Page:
While the release of the long-awaited Baker-Hamilton report on Iraq policy has produced an outpouring of protest from Jewish groups opposing its calls for talks with Iran, Syria and the Palestinians, insiders say that the real target of Israel’s anxiety is neither Syria nor the Palestinians, but Iran and its nuclear program.
Earlier this week, Israeli Prime Minister Ehud Olmert publicly expressed guarded willingness to engage Damascus. While Olmert’s gesture was hedged with conditions, a government adviser told the Forward this week that Jerusalem was in fact open to holding discussions with Syria, but was constrained by the Bush administration’s flat opposition to any dealings with the regime of Bashar al-Assad.
As for a new opening toward the Palestinians, Olmert recently declared his willingness to move in that direction, even softening his terms for a renewal of diplomacy. Jerusalem is unhappy seeing any linkage between America’s problems in Iraq and Israel’s dealings with the Palestinians, viewing such linkage as a form of pressure on Israel to move faster than it might choose. At the same time, Israel seeks progress for its own reasons.
On the Iranian front, however, Jerusalem is deeply fearful, seeing any U.S. appeal for Iranian help in Iraq as implying a quid pro quo that can only be damaging to Israel’s essential interests.
The administration is currently reviewing its options in Iraq and in the region following the December 6 release of the report by the bipartisan Iraq Study Group. The report calls for direct engagement with Syria and Iran in order to secure their help in stabilizing Iraq. It also calls for a sustained effort to jump-start the Israeli-Palestinian peace process, as a key to improving the atmosphere in the region and easing the way for moderate Arab regimes to cooperate with Washington.
Bush has indicated an unwillingness to pursue the recommendations on engaging Iran and Syria unless Tehran verifiably abandons its nuclear ambitions and Damascus stops destabilizing Lebanon and halts support for Hezbollah and Hamas.
In a December 12 interview with Agence-France Presse, Secretary of State Condoleezza Rice openly rejected the study group’s appeal to deal directly with Damascus and Tehran in order to end the crisis in Iraq.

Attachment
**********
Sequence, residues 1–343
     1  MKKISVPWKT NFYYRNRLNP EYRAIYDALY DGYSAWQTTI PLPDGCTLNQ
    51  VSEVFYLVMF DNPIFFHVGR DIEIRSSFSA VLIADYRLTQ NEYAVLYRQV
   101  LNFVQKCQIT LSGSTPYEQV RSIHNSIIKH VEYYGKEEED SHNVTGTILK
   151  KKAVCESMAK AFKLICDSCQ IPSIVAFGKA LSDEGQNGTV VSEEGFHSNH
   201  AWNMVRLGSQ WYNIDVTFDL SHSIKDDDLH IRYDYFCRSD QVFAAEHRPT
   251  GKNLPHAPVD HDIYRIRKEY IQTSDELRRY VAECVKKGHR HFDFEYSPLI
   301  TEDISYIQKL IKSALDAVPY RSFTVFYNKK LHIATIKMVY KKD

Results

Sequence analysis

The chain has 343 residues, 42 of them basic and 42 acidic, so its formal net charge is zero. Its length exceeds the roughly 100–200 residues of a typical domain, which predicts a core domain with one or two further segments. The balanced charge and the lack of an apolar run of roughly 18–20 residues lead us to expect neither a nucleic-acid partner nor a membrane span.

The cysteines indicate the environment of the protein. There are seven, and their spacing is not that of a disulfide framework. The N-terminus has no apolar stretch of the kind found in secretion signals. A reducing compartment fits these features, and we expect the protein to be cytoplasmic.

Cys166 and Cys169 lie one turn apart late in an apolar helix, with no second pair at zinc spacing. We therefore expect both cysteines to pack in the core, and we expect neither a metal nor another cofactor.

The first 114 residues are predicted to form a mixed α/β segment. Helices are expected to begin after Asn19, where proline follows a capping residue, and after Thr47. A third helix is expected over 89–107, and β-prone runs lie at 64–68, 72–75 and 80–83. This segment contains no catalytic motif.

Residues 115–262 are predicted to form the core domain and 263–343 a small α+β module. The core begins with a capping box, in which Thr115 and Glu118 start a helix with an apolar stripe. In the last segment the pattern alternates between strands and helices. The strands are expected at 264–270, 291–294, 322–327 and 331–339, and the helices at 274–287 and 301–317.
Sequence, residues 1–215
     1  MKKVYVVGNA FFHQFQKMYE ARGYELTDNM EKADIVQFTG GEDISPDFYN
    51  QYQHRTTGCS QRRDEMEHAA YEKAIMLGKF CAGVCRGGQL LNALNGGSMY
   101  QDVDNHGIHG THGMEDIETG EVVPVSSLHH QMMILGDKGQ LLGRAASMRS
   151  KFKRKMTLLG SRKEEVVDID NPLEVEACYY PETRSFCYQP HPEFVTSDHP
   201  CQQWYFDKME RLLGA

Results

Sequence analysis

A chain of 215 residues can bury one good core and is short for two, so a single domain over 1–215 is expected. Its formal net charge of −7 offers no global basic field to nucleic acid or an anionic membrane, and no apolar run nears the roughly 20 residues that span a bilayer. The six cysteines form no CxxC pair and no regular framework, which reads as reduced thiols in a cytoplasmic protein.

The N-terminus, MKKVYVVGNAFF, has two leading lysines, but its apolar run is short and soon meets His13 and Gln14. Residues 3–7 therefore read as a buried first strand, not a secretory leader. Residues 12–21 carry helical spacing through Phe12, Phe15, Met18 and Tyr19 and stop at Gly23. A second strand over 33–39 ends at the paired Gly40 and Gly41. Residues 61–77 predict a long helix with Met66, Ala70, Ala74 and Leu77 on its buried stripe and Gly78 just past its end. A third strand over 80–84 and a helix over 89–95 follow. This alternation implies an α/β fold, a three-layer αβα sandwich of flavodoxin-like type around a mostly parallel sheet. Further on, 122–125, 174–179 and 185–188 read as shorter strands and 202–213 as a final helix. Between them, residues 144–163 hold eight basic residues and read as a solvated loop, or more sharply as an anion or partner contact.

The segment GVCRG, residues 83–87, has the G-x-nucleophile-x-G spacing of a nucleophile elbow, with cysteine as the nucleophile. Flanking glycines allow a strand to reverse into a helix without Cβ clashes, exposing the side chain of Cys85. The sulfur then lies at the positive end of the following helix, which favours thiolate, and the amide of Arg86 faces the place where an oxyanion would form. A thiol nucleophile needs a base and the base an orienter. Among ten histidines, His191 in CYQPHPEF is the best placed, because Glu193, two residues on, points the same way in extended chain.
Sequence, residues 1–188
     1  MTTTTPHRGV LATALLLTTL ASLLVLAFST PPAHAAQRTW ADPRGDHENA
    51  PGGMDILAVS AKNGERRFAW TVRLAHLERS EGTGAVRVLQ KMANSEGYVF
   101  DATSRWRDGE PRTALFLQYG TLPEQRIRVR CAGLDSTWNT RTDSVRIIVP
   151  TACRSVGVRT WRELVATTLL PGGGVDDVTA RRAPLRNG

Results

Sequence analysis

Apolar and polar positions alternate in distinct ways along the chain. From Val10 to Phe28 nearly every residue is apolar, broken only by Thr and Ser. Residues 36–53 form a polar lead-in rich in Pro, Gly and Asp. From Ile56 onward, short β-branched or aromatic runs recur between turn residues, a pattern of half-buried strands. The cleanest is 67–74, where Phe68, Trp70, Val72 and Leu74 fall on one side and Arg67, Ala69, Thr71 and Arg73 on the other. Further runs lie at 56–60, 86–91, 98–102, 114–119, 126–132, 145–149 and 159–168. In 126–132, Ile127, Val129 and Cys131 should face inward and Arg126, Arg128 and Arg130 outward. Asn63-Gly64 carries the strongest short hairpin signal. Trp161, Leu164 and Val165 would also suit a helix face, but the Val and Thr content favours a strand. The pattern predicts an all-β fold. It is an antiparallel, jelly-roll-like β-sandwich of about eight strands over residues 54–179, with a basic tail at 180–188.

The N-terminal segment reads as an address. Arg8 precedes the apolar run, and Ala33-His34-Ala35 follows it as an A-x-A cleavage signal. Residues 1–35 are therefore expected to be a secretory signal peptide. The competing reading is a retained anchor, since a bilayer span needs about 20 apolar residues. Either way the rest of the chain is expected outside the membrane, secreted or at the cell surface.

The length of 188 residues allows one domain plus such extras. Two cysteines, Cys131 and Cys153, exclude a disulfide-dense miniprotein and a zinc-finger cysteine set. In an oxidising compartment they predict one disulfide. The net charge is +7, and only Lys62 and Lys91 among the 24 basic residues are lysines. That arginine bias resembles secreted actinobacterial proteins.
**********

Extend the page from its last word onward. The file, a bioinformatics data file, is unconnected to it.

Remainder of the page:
Moreover, administration officials who have briefed Jewish community officials in recent days have indicated that the president rejects the report’s linkage of Iraq and the Israeli-Palestinian conflict.
James Baker, the Republican stalwart who co-chaired the study group, said after the report’s release that Syrian officials had indicated to the commission that they would be willing to meet two key American and Israel demands: to decrease their support for Hezbollah and to pressure Hamas to recognize Israel’s right to exist.
“Talking to Syria gives us an excellent opportunity to revitalize the Arab-Israeli peace process,” Baker said. “The Syrians are the transit point for arms shipments to Hezbollah, and if you can flip the Syrians, you will cure Israel’s Hezbollah problem…. The Syrians will tell you, as they told us, that they do have the ability to convince Hamas to acknowledge Israel’s right to exist…. If we accomplished that, that would give Ehud Olmert a negotiating partner on the Palestinian track.”
Just hours after the report was released last week, the American Israel Public Affairs Committee issued a press release warning against unconditional talks with Iran and Syria. “While engagement can be a useful diplomatic tool, both Iran and Syria have used past talks with the United States and Europeans as a time-buying exercise to continue their destructive policies and stave off serious consequences,” Aipac said.
Israeli officials dismissed the report’s assertion that solving the crisis in Iraq implied a renewed effort on the Israeli-Palestinian track.